Enterprises that use the Ubuntu desktop operating system should be fascinated by the development of a Ubuntu operating system for cellular phones.
Integrating Ubuntu across multiple devices has interesting possibilities, but a lot of development remains to be done before IT departments could possibly purchase commercial devices.
Ubuntu for phones is an offshoot of the well-known desktop and server version of Ubuntu, one of the most popular versions of Linux. Canonical, which leads the open-source Ubuntu project and provides paid support services, is creating the mobile version for enterprises and consumers. Jane Silber, CEO of Canonical, says its mobile OS will enable businesses "to provision a single secure device for all PC, thin client, and phone functions. Ubuntu is already the most widely used Linux enterprise desktop, with customers in a wide range of sectors focused on security, cost and manageability."
Ubuntu for phones will offer security features with kernel-level controls that are similar to those on Ubuntu for desktops. Also, IT departments will be able manage phones with Landscape, the same management software Canonical offers to managing computers and servers.
Canonical also highlights the integration between the phone and desktop operating systems by demonstrating a handset connected to a full-size monitor and keyboard. "Ubuntu uniquely enables a new category of convergence device -- phones that dock to become full PCs and thin clients -- enabling enterprise IT departments to replace phones, thin clients and laptops with a single secure corporate device," the company says.
For several years, I've written about the concept of using smartphones as laptop replacements (see: Meet the New Laptop: Your Phone), including Research In Motion -- now BlackBerry -- CEO Thorsten Heins patting his BlackBerry phone and saying, "You will not carry a laptop within three to five years." (See: RIM Envisions Cellphones Replacing Laptops in the Enterprise.) Regardless of whether enterprises or consumers embrace this concept, today's smartphones already have the hardware muscle to serve as computers.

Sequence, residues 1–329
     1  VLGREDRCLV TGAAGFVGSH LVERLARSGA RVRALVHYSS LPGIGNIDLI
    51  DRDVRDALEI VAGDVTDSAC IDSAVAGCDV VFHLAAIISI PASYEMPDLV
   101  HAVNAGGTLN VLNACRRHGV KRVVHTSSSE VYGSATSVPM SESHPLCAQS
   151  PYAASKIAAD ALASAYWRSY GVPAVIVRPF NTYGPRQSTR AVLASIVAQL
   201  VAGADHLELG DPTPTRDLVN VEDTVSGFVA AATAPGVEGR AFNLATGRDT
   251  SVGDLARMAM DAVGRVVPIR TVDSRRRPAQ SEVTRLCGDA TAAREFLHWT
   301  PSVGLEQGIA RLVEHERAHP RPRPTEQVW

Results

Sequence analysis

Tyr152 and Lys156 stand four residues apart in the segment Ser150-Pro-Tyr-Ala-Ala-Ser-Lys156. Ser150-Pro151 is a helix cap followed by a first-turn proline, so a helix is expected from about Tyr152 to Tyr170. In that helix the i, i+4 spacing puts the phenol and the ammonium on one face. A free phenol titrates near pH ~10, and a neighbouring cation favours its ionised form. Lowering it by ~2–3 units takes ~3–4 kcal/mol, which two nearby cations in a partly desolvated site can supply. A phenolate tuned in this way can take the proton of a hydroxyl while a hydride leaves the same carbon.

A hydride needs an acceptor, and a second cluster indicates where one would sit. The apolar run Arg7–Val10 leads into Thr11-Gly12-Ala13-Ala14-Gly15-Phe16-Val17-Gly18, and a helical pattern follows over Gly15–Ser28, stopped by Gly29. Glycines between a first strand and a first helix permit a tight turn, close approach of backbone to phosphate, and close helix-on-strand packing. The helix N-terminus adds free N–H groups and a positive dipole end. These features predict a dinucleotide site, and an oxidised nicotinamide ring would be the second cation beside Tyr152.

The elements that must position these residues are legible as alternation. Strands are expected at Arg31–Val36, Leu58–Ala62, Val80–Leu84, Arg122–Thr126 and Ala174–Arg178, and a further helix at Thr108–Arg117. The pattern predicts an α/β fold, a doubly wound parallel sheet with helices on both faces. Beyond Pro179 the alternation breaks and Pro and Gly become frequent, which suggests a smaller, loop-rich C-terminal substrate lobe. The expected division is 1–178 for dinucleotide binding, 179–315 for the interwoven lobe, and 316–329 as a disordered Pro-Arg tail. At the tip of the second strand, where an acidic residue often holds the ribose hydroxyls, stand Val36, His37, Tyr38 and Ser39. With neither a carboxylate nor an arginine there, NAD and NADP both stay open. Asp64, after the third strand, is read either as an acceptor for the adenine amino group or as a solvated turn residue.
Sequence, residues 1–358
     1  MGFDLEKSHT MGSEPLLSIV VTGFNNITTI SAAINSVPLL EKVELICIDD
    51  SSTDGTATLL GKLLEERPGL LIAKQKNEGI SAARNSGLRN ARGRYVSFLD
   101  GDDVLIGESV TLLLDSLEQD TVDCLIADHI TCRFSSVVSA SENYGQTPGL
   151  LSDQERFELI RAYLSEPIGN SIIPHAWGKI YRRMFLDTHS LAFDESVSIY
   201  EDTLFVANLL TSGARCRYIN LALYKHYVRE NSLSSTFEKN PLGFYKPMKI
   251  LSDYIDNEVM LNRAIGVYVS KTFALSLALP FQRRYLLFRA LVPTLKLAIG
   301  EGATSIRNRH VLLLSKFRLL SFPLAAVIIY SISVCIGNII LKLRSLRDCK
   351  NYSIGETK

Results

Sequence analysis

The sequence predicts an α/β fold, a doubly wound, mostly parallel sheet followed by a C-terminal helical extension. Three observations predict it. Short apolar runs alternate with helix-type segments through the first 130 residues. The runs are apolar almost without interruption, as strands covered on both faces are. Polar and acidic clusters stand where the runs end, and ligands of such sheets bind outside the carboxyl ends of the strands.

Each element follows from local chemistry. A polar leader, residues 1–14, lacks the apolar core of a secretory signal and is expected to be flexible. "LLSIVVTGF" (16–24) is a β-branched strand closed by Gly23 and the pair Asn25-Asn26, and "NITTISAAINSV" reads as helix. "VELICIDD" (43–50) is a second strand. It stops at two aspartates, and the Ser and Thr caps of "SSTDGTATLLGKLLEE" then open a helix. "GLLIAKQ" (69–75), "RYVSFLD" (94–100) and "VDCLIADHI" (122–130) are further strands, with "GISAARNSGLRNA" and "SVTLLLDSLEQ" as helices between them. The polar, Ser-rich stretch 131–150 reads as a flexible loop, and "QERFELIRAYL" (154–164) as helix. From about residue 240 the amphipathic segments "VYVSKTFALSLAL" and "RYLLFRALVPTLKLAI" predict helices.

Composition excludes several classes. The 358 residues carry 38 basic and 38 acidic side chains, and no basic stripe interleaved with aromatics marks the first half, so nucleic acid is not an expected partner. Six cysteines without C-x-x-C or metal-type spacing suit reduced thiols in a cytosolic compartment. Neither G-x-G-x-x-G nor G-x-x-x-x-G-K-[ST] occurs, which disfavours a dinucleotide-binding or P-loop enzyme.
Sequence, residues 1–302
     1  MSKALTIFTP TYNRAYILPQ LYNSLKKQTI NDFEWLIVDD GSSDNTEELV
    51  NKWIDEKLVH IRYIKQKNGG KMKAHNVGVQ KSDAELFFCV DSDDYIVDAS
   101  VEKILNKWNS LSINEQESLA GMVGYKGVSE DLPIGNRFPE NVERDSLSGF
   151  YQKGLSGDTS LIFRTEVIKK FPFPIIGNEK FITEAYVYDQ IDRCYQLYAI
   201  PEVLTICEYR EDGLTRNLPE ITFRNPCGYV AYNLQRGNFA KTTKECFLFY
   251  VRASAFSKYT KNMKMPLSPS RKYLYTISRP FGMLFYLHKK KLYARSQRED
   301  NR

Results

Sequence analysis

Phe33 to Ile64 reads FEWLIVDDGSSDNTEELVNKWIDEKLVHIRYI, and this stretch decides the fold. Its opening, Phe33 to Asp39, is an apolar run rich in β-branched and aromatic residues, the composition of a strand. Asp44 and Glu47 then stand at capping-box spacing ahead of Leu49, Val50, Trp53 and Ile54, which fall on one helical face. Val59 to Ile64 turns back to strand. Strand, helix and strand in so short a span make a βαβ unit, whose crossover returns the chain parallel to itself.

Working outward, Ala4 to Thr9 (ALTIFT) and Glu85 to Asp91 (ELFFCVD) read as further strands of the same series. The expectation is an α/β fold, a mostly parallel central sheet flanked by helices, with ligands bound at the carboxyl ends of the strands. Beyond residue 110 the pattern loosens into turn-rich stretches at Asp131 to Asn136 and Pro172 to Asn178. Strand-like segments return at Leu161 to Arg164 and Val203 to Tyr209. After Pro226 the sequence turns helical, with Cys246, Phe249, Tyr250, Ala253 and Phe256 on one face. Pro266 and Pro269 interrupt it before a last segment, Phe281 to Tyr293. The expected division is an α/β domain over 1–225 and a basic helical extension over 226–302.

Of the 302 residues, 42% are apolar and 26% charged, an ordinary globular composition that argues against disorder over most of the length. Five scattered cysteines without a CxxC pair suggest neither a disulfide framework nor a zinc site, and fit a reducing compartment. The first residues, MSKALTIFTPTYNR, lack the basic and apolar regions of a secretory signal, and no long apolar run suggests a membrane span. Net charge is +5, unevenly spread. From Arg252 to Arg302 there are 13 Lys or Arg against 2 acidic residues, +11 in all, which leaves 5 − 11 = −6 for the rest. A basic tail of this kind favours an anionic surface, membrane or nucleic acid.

Ubuntu for phones borrows features from other operating systems, but it's not exactly like any of them and it actually looks rather pretty in the demos. For navigations, the software utilizes different swiping gestures on all four sides of the screen. By swiping from the left, the most used applications are shown vertically on the left side of the display.
Swiping across the entire screen displays the complete apps page, including recommended apps that users could install. Swiping from the bottom of the screen highlights controls for an app that's currently running. The settings icons running across the top of the screen can be tapped to control different functions or, alternatively, users can hide icons. In addition, speech recognition is built into the OS as an optional method for controlling apps.
The phone OS will be able to run both HTML5 Web apps as well as locally stored native apps. Mark Shuttleworth, who founded Canonical, said HTML5 apps will be able to access some features of the underlying OS, such as notifications and the messaging menu. Although HTML5 apps can work on any phone, he said, "They're really limited" compared to native, locally stored programs that are faster, more responsive, and offer superior graphics.
Data from native apps can be stored in Canonical's Ubuntu One personal cloud, which offers 5GB of free storage as well as different paid subscriptions. Ubuntu One is an advantage for users, but as with all non-enterprise services, IT departments undoubtedly will be leery of its use.
I can see enterprises that currently run Ubuntu being intrigued by the possibilities of integrating phones, desktops, laptops, and servers with a single computing platform. But will enterprises even get a chance to use Ubuntu-based phones?
Shuttleworth says phones will be available in 2014. But that's a long time to wait with iOS and Android firmly entrenched in the market, and Microsoft and BlackBerry aggressively promoting their respective operating systems of Windows Phone 8 and BlackBerry 10. Will many software developers spend time coding Ubuntu mobile applications? And if all these mobile operating systems aren't enough for enterprises, there are even more -- such as Firefox, the Linux Foundation's Tizen, and Jolla's Sailfish -- scheduled for commercial release later this year.
Canonical has posted nicely produced demo videos and well-designed webpages. But it will require a lot more effort to convince IT departments to even supplement their existing mobile operating systems with Ubuntu.
— Alan Reiter, President, Wireless Internet & Mobile Computing